★I especially recommend the “the autumn leaves half-day walk” course anytime from the end of November through the beginning of December. First, you need to start from Gaienmae station on the Tokyo metro line. Then, you walk along the gingko street, it takes 5 minutes from the station. After you enjoy the yellow autumn leaves, you head to Shibuya station and go down Aoyama street on foot. You will be there in 30 minutes, but you can walk without feeling tired because of all the window-shopping. Finally, when you get on the train for just one stop, you can share the beauty of red autumn leaves at “Former the house of Asakura.”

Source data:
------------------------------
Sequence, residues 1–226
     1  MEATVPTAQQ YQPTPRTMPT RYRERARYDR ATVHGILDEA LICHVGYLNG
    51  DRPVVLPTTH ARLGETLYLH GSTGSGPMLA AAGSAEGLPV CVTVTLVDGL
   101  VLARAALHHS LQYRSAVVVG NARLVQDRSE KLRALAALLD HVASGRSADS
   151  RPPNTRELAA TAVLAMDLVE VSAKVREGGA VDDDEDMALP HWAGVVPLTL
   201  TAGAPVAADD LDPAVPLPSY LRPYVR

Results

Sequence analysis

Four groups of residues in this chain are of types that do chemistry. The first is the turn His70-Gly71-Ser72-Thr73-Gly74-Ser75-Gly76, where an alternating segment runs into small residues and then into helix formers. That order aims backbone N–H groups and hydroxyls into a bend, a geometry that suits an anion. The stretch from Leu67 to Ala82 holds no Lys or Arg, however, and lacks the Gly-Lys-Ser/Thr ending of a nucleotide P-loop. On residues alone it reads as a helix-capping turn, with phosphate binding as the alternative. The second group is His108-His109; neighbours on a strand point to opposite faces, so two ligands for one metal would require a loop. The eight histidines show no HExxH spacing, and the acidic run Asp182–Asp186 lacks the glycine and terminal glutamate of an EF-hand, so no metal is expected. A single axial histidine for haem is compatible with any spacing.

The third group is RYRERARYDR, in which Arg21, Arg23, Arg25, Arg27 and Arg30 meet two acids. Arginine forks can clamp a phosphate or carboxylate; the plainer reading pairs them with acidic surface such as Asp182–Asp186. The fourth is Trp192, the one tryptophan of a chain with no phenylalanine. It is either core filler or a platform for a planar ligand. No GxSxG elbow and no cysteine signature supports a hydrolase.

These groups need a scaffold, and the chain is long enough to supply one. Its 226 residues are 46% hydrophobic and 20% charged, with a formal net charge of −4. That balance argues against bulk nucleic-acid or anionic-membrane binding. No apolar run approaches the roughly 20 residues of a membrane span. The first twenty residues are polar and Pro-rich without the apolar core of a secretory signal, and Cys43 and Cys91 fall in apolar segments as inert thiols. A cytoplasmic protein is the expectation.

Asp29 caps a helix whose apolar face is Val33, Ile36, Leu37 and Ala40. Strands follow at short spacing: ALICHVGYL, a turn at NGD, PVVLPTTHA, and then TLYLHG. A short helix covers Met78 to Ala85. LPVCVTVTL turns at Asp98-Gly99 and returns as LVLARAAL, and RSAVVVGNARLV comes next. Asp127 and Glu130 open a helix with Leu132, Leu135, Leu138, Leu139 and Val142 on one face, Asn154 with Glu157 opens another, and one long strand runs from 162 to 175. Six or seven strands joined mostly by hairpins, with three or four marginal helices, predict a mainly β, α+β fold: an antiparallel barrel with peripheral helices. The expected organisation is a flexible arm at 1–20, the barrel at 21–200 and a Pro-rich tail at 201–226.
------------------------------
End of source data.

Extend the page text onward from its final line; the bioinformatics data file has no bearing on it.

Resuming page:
The red autumn leaves in Former the house of Asakura
Attention: If you are 60-years-old or over, your admission is free, as long as you bring your ID, passport or driver’s license.
Tokyo Metoroporitan-teien-musium (in Shirokanedai): Former Residence of Prince Asakano 旧朝香宮邸
Let’s say that after a long week of commuting on the packed trains of the Yamamoto line, which arrive every 3 minutes, you might feel like getting away. In that case, it would be good to get off at Meguro station and head to the Tokyo Metropolitan-teien-museum—it’ll only take you about 7 minutes on foot. (You can also use the Tokyo metro and get off at Shirokanedai, which takes 6 minutes on foot.)
The area around there is called Shirokanedai and there is known to be a high-class residential area. People who live in this area are called “shiroganeze,” which means “snobby rich people.” The area here was called the shirokane demesne 白金御領地 of Tokugawa Shogunate on Edo period and there was the Matsudaira, Takamatsu Domain compound 高松藩松平家下屋敷.